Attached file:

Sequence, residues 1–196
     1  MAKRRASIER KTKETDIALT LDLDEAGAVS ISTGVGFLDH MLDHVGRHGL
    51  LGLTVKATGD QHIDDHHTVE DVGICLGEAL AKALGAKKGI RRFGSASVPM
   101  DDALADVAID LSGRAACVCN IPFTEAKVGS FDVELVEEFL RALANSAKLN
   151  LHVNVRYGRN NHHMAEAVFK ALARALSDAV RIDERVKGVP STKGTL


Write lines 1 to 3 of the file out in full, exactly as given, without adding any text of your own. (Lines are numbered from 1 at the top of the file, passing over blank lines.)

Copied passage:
Sequence, residues 1–196
     1  MAKRRASIER KTKETDIALT LDLDEAGAVS ISTGVGFLDH MLDHVGRHGL
    51  LGLTVKATGD QHIDDHHTVE DVGICLGEAL AKALGAKKGI RRFGSASVPM